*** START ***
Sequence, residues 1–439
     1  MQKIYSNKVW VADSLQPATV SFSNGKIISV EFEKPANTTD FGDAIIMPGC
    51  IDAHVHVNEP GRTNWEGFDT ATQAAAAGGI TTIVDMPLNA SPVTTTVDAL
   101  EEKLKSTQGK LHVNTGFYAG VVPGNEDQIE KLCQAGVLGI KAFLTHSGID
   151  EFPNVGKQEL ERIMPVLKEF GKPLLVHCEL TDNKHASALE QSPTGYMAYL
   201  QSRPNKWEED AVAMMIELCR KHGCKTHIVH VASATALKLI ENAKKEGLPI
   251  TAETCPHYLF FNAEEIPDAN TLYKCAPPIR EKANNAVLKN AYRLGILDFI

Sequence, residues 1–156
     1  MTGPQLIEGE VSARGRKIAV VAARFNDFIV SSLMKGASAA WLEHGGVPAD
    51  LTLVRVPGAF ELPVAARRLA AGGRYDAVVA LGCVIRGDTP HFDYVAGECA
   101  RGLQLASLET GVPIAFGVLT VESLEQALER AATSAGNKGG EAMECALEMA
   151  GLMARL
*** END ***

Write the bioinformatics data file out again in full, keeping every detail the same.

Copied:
Sequence, residues 1–439
     1  MQKIYSNKVW VADSLQPATV SFSNGKIISV EFEKPANTTD FGDAIIMPGC
    51  IDAHVHVNEP GRTNWEGFDT ATQAAAAGGI TTIVDMPLNA SPVTTTVDAL
   101  EEKLKSTQGK LHVNTGFYAG VVPGNEDQIE KLCQAGVLGI KAFLTHSGID
   151  EFPNVGKQEL ERIMPVLKEF GKPLLVHCEL TDNKHASALE QSPTGYMAYL
   201  QSRPNKWEED AVAMMIELCR KHGCKTHIVH VASATALKLI ENAKKEGLPI
   251  TAETCPHYLF FNAEEIPDAN TLYKCAPPIR EKANNAVLKN AYRLGILDFI

Sequence, residues 1–156
     1  MTGPQLIEGE VSARGRKIAV VAARFNDFIV SSLMKGASAA WLEHGGVPAD
    51  LTLVRVPGAF ELPVAARRLA AGGRYDAVVA LGCVIRGDTP HFDYVAGECA
   101  RGLQLASLET GVPIAFGVLT VESLEQALER AATSAGNKGG EAMECALEMA
   151  GLMARL